2.) Heat olive oil in a large saucepan over medium heat. Add the onion and 1 ½ teaspoons salt and cook until the onion is softened, about 5 minutes. Stir in saffron and cardamom and cook until fragrant, about 1 minute. Stir in rice, and cook for about 3 minutes or until the edges begin to turn translucent. Stir in 2 ¼ cups water and bring to a simmer. Reduce to low, cover, an simmer until liquid is absorbed and rice is tender, 18-20 minutes.
3.) Remove pot from heat and sprinkle candied carrots and orange zest, cranberries, and currants over rice. Place clean, dry dish towel over pot and return the lid to the pot with the towel underneath. Allow to stand for 10 minutes. Add almonds and pistachios and gently fluff with fork. Season with salt and pepper to taste.
Vegan Holiday Cinnamon Chocolate Chip Cookies
Prep time: 10 mins
Cook time: 20 mins
Total time: 30 mins
Serves: 12-15 cookies
½ cup coconut oil
1 cup brown sugar
¼ cup chocolate almond milk
1 tablespoon vanilla extract
2 cups all purpose flour (please note alternate flours WILL change the outcome of the recipe!)
1 teaspoon baking soda
1 teaspoon baking powder
½ teaspoon salt
1 teaspoon cinnamon
1 cup vegan chocolate chips
Pre-heat oven to 350 degrees. Cream (thoroughly mix) together the coconut oil and brown sugar, then add the almond milk and vanilla. The mixture may be liquidy. This is OK. In a separate bowl mix the flour, baking soda, baking powder and salt. Combine the wet and dry ingredients (it WILL BE crumbly - this is OK), then fold in the chocolate morsels and any other mix-ins of your choosing. Roll into Tbsp sized balls and place them on an ungreased cookie sheet (or on a sheet of parchment paper on the baking sheet), then flatten them out a bit with your palm. The dough may be a little crumbly, but just smoosh it together and it will work fine. Bake for 7-10 minutes. (We did 8 which was perfect). Enjoy with a glass of Frey Biodynamic Cabernet
For two 12 inch tarts
One of my favorite dishes is a tomato tart that I learned at the California Culinary Academy so many years ago (don’t ask how many!). In this new dish tomatoes get demoted to the role of garnish and, just in time for autumn, mushrooms and leeks take the leading role! It paired nicely with Frey Organic Syrah, which I also used for the sauté.
Heat oven to 350F.
2 sliced leeks (rinse to wash out dirt)
1 large red pepper (cut in half and then into strips)
4 cloves garlic, chopped fine
½ pound cremini mushrooms (sliced)
½ pound shitake mushrooms (sliced)
2 oz. dried porcini mushrooms
1 stick of butter
2 tablespoon Herbes de Provence
2 tablespoons honey
2 cups Frey Organic Syrah red wine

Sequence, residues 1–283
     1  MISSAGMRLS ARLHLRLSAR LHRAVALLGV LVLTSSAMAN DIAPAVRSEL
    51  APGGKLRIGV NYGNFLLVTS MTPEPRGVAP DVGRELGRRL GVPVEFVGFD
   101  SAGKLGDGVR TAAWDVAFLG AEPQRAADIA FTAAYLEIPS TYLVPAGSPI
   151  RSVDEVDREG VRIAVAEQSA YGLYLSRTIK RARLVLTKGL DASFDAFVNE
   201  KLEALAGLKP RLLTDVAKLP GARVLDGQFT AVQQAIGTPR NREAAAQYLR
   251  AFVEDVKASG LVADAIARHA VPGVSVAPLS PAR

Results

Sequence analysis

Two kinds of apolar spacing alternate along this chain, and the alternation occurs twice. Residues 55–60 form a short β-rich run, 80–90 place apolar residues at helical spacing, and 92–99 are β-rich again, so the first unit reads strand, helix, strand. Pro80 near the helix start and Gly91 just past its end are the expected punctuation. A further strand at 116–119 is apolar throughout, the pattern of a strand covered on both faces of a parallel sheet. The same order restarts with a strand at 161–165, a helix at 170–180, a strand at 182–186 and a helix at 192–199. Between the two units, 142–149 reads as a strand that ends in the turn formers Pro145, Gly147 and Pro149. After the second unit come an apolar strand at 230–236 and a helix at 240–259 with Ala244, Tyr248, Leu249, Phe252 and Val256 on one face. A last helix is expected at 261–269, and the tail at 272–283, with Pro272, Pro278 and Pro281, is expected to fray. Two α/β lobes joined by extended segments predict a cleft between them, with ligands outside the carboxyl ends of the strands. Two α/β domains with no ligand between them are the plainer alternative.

2 cups whole-wheat pastry flour
1 teaspoon finely chopped fresh rosemary
½ teaspoon salt
1 cup unsalted cold butter (cut into pieces)
2 tablespoons cold water
½ pound Gruyere cheese (grated)
½ pound Gorgonzola cheese (crumbled)
2 tablespoons Dijon mustard (for painting the tart shells)
Salt and pepper for seasoning
Cherry tomato halves for garnish
Prepping the filling
In a sauce pan, sauté the leeks, red peppers, garlic, cremini mushrooms and shitake mushrooms, the stick of butter and herbes de Provence until done. Season with salt and pepper. Set aside.
Place the dry porcini mushrooms in a saucepan with the Frey Organic Syrah red wine and the honey. Simmer for about 15 minutes until the wine is reduced and thickened.
Making the tart shell
Place the whole-wheat pastry flour, cold chopped butter, fresh chopped rosemary and salt into a Cuisinart, or use a mixing bowl. If you have a Cuisinart, use the blade and pulse it a few times until the butter is the size of peas. Slowly add the cold water or ice water until the dough is not too dry, not too wet. If you’re using a bowl, rub the flour, butter, etc., between your hands until the butter is the size of peas. Add very cold water or ice water until dough not too dry, not too wet.
Now whip out the rolling pin! Roll half the dough on a floured surface to about ¼ inch thick. Make it a circle just over the width of your tart pan or pie pan, so you have plenty to fit up the side and for crimping. Now let’s get the rolled dough into the tart pan. With tart pan nearby, gently roll-up the dough around the rolling pin. Lightly sprinkle with more flour as needed, so that the dough doesn’t stick to everything. Unroll the dough onto your tart pan. You can also fold the dough in quarters before lifting it to the tart pan. Pinch and prod your dough until it fits nicely into the pan. Cut the dough sides flush with the edge.